Court Update: On Appeal, Convictions Upheld of Misdemeanor Charges Against Two Water Protectors Arrested at a Prayer Walk Almost Two Years Ago

“Flawed ruling that ignores the total lack of evidence presented by the State” says Freshet Collective defense attorney about yesterday’s North Dakota Supreme Court Opinion

Photo courtesy of Jonathan Klett: Mary Redway and Alex Simon being led away in handcuffs to serve jail sentences for First Amendment activity last year. Judge Thomas E. Merrick chastised the out-of-state Water Protectors telling them—“You don’t even have a dog in the fight.”

Five judges serving on the appeal panel for the North Dakota Supreme Court upheld convictions for Water Protectors Mary Redway and Alex Simon who were among 150 Water Protectors taken into custody in a mass arrest on October 22, 2016. Redway and Simon, who were arrested while walking in an open field, appealed their convictions arguing that there was insufficient evidence to support the disorderly conduct convictions and that their alleged activity was constitutionally protected and should have been excluded from evidence. Simon also argued the evidence was insufficient to support his conviction for physical obstruction of a government function. The Supreme Court upheld the convictions of Redway and Simon in which the only evidence against either was that they were photographed at a protest. No individualized actions of either were described by any live witness. This is an ominous ruling for anyone who wishes to gather and express frustration with government or corporate action.

Sam Saylor, the Freshet Collective volunteer attorney who argued the appeal, strongly disagrees with yesterday’s Court Opinion, and provided this statement:

“I think it misunderstands First Amendment law and substantive criminal law. A few absurd results can be derived from the holding. The Court appears to say that police officers can interrupt a First Amendment assembly and protest even on privately held land (when the protestors have permission to the be there) when the First Amendment activity is annoying no one but the officers themselves. Moreover, the source of the annoyance can be as basic as disobeying an order to stop protesting. What this means in practice is that if an officer gives an order to a First Amendment protestor, and the protestor declines the order, the officer can arrest the person and the person is guilty of disorderly conduct because declining to follow that order (even if the order is incorrect or without basis) is annoying to the officer. Police should never be authorized to instruct a protest on private land to turn around and go back to the highway, when no criminal activity has occurred and they only have vague fears of potential problems in the future. This opinion condones exactly that officer behavior.”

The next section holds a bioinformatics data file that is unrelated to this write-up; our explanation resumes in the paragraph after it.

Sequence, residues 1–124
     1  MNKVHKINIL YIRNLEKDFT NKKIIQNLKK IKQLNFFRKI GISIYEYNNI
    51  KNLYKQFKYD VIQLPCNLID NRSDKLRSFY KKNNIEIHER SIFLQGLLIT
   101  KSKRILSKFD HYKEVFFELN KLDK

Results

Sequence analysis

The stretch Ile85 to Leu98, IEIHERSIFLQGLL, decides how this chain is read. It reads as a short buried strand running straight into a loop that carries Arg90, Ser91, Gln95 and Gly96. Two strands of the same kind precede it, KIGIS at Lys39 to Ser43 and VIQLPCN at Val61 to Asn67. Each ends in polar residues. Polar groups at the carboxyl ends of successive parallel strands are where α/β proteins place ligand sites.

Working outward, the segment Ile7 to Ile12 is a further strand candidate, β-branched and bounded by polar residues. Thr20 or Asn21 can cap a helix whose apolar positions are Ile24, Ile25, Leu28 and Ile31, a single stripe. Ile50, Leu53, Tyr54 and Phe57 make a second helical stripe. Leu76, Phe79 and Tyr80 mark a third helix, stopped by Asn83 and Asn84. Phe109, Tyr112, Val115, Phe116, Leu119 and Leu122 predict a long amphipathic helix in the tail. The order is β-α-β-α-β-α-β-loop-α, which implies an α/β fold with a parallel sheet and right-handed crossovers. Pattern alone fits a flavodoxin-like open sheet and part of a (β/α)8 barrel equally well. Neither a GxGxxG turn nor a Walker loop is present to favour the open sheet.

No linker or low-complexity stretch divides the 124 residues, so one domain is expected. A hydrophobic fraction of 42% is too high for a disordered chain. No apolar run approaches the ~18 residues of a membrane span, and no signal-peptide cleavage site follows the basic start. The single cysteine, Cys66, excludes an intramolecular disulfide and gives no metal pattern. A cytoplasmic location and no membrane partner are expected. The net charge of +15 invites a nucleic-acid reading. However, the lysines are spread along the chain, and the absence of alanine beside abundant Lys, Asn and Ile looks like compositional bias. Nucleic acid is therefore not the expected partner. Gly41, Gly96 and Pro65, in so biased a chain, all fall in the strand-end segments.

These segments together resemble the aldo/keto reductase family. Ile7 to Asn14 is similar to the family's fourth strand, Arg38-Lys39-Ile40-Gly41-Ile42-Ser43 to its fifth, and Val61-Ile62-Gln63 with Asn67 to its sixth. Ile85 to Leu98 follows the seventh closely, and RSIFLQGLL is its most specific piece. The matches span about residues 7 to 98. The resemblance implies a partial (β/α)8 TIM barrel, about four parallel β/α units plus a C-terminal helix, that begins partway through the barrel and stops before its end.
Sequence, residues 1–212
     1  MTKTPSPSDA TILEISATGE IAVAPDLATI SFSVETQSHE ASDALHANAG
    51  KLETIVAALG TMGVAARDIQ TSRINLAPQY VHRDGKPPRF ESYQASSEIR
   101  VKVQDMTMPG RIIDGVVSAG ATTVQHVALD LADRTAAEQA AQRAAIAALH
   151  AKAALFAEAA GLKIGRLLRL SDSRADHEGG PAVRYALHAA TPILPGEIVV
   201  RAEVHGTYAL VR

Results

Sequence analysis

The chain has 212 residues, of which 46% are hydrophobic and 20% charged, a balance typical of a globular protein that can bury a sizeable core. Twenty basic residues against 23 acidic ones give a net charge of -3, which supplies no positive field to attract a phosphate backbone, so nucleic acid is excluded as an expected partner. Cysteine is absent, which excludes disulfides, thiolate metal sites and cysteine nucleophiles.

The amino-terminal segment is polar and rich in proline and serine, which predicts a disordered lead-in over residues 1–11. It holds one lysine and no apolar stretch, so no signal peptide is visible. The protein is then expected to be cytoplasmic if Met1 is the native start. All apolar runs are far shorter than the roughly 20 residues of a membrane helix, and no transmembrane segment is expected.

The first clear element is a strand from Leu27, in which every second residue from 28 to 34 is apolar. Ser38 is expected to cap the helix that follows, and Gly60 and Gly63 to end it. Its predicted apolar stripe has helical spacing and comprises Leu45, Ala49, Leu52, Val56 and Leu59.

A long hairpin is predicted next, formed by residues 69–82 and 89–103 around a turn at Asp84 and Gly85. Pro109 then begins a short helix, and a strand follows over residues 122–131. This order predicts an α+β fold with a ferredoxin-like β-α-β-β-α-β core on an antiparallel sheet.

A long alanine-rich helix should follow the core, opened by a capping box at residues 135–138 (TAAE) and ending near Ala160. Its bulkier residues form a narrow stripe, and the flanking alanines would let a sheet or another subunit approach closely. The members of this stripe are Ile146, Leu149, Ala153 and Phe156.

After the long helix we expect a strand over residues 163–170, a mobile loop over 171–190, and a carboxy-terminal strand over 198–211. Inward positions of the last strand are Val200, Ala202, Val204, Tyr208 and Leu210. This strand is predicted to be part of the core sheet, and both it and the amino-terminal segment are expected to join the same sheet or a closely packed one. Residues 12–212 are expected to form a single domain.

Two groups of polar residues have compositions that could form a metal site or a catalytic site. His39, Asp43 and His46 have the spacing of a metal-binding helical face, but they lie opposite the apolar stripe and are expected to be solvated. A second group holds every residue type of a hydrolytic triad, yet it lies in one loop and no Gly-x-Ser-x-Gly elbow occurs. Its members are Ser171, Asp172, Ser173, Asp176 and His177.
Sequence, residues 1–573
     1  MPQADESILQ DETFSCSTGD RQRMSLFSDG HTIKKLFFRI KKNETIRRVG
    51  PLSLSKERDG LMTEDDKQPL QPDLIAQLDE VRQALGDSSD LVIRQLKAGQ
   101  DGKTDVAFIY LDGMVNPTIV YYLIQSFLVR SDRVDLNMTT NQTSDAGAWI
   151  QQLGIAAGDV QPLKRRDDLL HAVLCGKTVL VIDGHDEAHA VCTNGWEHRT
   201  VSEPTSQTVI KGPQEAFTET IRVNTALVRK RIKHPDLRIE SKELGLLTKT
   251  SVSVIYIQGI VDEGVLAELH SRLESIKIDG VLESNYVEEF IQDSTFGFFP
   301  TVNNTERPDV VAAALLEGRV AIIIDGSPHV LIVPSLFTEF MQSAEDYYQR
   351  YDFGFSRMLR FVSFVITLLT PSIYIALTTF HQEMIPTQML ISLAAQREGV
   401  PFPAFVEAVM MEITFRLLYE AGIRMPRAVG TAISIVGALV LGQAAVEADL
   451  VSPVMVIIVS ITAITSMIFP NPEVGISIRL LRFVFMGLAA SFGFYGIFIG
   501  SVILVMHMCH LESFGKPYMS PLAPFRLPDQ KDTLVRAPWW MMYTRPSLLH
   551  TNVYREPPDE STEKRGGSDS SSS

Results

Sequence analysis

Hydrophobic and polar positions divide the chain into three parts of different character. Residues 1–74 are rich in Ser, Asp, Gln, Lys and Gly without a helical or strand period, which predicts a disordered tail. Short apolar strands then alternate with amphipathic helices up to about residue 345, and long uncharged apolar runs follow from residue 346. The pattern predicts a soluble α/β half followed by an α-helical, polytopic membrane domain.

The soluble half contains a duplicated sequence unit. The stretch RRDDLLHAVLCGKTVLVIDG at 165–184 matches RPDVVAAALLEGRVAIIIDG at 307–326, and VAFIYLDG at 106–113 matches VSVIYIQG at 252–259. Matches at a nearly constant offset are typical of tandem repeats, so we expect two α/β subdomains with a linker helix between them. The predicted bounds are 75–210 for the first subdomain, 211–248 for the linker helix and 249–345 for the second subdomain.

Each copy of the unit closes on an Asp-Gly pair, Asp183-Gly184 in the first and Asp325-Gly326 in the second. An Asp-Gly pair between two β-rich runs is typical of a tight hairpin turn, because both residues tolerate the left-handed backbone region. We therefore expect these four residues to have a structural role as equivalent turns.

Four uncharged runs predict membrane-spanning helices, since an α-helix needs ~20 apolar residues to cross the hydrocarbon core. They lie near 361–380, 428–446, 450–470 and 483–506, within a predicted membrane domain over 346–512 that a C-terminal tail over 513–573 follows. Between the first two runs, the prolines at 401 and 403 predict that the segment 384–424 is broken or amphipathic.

In the court’s 10-page August 28, 2018 Opinion, Justice Tufte wrote:

“At trial, the State introduced into evidence a photograph of Simon and other protesters with arms linked when law enforcement officers were arresting individuals grouped together at the third skirmish line. There were no similar photographs of any of the other defendants in this case engaged in this activity.”

Saylor says that the Court is criminalizing Alex’s linking of arms, even though there is no evidence where, when, and for how long his arms were linked with others. He wrote:

“Linking of arms is clearly expressive conduct, used to communicate solidarity and unity. Individuals have linked arms in assemblies as varied as the civil rights marches, gay rights marches, all the way up through the 2017 inauguration day protests and the March for our Lives gun control marches. What’s more, there was no testimony about Alex linking his arms, though there were two photos showing him linking arms. The Court appears to sanction the convictions of people at protest gatherings who are merely photographed linking arms.”

Redway and Simon have been the only Water Protectors jailed for First Amendment activity in the state cases emanating from NoDAPL resistance at Standing Rock. Upon hearing of yesterday’s Opinion, Simon said:

“It saddens me to know that our case can be used to incriminate people who are exercising their right to peaceably assemble. We did nothing wrong.” 

Mary Redway is concerned that the Court’s Opinion can have a chilling effect on people choosing to exercise their right to protest.

“I am also concerned about being part of the legal narrative,” she said, “that this case can serve as a precedent in future First Amendment rights cases as well as legislation.”